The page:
The person coming to you is only expressing their opinion and that too may be rooted in misinformation. Reacting to them blindly and in anger may only exacerbate the situation and make it much worse. Be curious as to where their opinions are coming from and the whys. Seek to understand them instead of reacting to them. No matter what is being said to you, it can only cause offense to you if you allow it to have that kind of control.

4. Truth is better than being right

You may see that statement and question it. Isn’t being right also being true? What if I told you that it is almost impossible to be both right and to tell the truth? Being right cannot exist on its own. For you to be right, someone else must be wrong. Being right is more about making your opinion the only one that matters. You defend your opinion, your stance, against someone else’s opinion. The rub is that person also probably thinks they are right. This isn’t saying that there is no truth to yours or their side, but that it is more rooted in ego.

It is fair to say that many of us feel good when we know things that others do not or feel good that we were able to prove it first. This mentality may come from childhood when we are forced to raise our hands in school to answer questions. We all raise our hands, when we know the answer, in anticipation of being called on to show that we know the answer. When we are right, we are acknowledged for it, and it feels good. Then we crave it more. The problem is that this can also set in as a negative trait and we can switch to it being more important that we are heard as right instead of what the truth may be.

Like many things, truth is an abstract that cannot be encapsulated within one’s opinion. Thereby, if you are seeking truth, you cannot be the representation of that truth. Representation is tarnished by our ego and creates a sense of being right. Truth is more about a fact or reality, things that rarely, if ever, change. Opinions are shaped and reshaped by information and experiences we consume.

You are not the center of the universe
You are not the center of the universe

3. You are not the center of the universe

Many of the reasons we may feel attacked is because we only see our side in our lives. Because they come to us and we do not like what is being said we feel it is a personal attack towards us, directly. It is a massive burden to carry when you think that every word everyone speaks, every action or inaction, and all motives and intentions reflect how they perceive you. No one can carry that weight all the time.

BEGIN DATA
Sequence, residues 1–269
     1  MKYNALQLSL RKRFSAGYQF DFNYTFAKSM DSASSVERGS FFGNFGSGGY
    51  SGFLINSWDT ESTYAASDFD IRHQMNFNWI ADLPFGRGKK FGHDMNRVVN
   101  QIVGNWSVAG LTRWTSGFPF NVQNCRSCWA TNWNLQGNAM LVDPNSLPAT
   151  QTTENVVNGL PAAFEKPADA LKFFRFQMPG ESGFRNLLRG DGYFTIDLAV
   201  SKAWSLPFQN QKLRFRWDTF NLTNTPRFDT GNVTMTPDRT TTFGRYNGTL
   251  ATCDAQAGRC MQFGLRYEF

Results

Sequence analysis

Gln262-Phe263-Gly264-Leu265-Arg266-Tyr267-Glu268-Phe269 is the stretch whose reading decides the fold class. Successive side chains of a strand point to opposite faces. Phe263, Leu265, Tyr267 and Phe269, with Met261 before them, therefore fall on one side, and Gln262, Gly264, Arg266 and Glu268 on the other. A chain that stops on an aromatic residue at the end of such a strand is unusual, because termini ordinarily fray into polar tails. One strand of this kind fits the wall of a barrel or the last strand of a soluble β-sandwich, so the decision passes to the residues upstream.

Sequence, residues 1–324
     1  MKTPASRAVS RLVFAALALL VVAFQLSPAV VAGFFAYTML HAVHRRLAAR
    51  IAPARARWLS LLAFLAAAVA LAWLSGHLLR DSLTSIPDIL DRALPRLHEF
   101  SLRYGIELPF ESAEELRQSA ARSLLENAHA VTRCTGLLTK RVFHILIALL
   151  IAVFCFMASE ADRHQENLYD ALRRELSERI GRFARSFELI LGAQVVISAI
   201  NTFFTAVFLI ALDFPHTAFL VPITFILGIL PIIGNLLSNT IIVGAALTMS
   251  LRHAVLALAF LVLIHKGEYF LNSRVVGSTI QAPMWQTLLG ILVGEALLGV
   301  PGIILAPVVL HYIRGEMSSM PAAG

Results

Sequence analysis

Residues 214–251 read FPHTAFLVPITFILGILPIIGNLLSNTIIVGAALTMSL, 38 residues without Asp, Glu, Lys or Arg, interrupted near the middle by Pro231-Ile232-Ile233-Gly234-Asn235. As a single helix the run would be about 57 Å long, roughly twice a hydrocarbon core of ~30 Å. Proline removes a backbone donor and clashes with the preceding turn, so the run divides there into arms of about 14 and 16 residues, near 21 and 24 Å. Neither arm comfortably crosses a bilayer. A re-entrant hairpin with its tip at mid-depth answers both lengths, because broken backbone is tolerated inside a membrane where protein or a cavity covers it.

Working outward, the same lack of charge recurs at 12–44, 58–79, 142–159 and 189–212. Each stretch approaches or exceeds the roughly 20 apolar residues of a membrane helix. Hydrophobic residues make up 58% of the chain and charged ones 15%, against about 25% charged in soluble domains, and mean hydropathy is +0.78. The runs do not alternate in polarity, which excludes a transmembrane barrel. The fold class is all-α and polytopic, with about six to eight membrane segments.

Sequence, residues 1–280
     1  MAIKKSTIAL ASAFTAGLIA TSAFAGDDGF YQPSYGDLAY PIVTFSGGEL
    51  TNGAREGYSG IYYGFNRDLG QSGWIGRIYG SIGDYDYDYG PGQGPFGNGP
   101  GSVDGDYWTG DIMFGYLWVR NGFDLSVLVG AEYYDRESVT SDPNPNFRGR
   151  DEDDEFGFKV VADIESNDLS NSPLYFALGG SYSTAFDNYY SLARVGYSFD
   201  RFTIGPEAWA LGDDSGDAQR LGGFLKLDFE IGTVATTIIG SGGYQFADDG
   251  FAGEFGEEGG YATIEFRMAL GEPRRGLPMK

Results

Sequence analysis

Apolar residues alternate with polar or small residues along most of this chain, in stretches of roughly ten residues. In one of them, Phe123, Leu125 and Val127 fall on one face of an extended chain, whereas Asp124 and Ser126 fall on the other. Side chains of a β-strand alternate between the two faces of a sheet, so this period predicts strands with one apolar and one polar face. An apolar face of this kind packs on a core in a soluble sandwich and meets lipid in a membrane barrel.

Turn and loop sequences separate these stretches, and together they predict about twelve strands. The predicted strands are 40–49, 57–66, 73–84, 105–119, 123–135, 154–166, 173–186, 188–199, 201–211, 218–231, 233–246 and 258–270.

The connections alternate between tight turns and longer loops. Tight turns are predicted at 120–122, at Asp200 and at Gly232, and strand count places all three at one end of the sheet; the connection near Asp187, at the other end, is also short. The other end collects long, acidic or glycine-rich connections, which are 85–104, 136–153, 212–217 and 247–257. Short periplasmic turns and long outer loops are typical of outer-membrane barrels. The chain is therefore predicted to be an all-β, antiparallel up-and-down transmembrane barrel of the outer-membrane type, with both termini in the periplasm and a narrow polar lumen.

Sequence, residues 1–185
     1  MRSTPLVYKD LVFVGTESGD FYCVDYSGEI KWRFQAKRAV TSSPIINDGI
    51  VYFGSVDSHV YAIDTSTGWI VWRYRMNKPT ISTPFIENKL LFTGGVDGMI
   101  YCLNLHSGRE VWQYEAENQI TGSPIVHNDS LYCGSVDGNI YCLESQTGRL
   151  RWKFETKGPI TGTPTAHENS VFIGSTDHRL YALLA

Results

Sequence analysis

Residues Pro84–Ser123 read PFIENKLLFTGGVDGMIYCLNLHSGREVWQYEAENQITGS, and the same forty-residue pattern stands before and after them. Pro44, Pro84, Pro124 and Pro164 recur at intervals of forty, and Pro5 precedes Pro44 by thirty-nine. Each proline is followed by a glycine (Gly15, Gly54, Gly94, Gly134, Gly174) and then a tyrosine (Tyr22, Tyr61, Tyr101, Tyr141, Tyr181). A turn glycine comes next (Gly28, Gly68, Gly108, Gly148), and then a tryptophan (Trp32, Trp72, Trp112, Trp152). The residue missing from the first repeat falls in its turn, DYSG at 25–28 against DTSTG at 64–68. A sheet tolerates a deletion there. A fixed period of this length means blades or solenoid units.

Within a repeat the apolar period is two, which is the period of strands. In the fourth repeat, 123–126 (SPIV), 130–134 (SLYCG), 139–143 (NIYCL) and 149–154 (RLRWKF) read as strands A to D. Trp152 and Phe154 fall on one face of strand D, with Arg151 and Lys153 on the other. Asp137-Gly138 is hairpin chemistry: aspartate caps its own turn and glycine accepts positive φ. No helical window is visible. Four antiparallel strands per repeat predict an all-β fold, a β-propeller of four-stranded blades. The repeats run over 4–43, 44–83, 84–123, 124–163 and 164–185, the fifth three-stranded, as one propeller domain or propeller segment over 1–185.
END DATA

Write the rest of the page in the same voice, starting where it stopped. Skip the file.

Perhaps our offense to situations or how we react to them comes from feelings of how it affects you. Want the truth? You are not likely to be the center of everyone else’s life and you shouldn’t think that every situation they bring to you is wholly about you. The bad mood in which they approach you may have stemmed from someone or something else. Your father telling you that you are stupid or not showing you the love, you needed as a child isn’t about you, its about him and what he wasn’t capable of doing or giving. Letting their opinions weigh you down only keeps you from rising above them.

2. We all are imperfect, accept it

There is truth in that many of us expect others to act or speak a certain way. It is also true that we may hold them in comparison to how we act. Want to know another truth? If you constantly expect others to live up to some expectations you have, then you are setting yourself up to be offended a lot.

Remember two things…

First, people are human. Being human means, they make mistakes and have free will and as such will make mistakes, often. All humans have character flaws, even yourself. To quote a popular Disney movie song, “Let it be!”  Brush the dirt off your shoulders and keep on keeping on.

Second, Murphy’s Law says anything that can go wrong will. You may wonder how that really applies here. It means if you think someone is being offensive, then you will see it as such. The rub here is that it all lies in your perception of events.

Accepting yourself
Accepting yourself

1. Accepting yourself

You are going to make mistakes and guess what, its perfectly okay to make them. We cannot grow or learn if we do not. You are on a path, but it does not mean that you cannot change it. You have full control in how you react to every situation that crosses it. Accept yourself for all you are, faults included. Validate who you are on the inside. Acknowledge that you have the power and potential to be more than our behaviors. Many times, those behaviors and reactions were our minds’ way of creating safety for us at a time when we felt most vulnerable and unsure of how to protect ourselves. The wonderous thing is that as we grow, we learn new experiences and what we are truly capable of. With that we can also learn that those behaviors and reactions no lover serve to protect us as much as hinder us.

Learning to accept us for who we are, and all our flaws takes away other’s ability to harm us. Your validation of self-worth does not come from other’s opinions about us. Our validation should come from within us, knowing our worth based on how we want others to treat us. To use a quote from something I read once, “People who are internally fragile – no matter how “tough” their exterior – break most easily at the wrong or misplaced word or deed.”

Adding it all together

Our paths are not set in stone, we have full control to change course at any time. Learning to accept where we are, see what is wrong in our actions, and recalibrate to a new heading is part of the journey. Accept life and things for as they are and not as they appear to be. Viewing life on what we have learned, instead of what we can learn, will always lead us to feeling the victims of a given situation and we will react accordingly. Don’t be tied into the past when there is so much more in front of you. Let go, be free, and happy!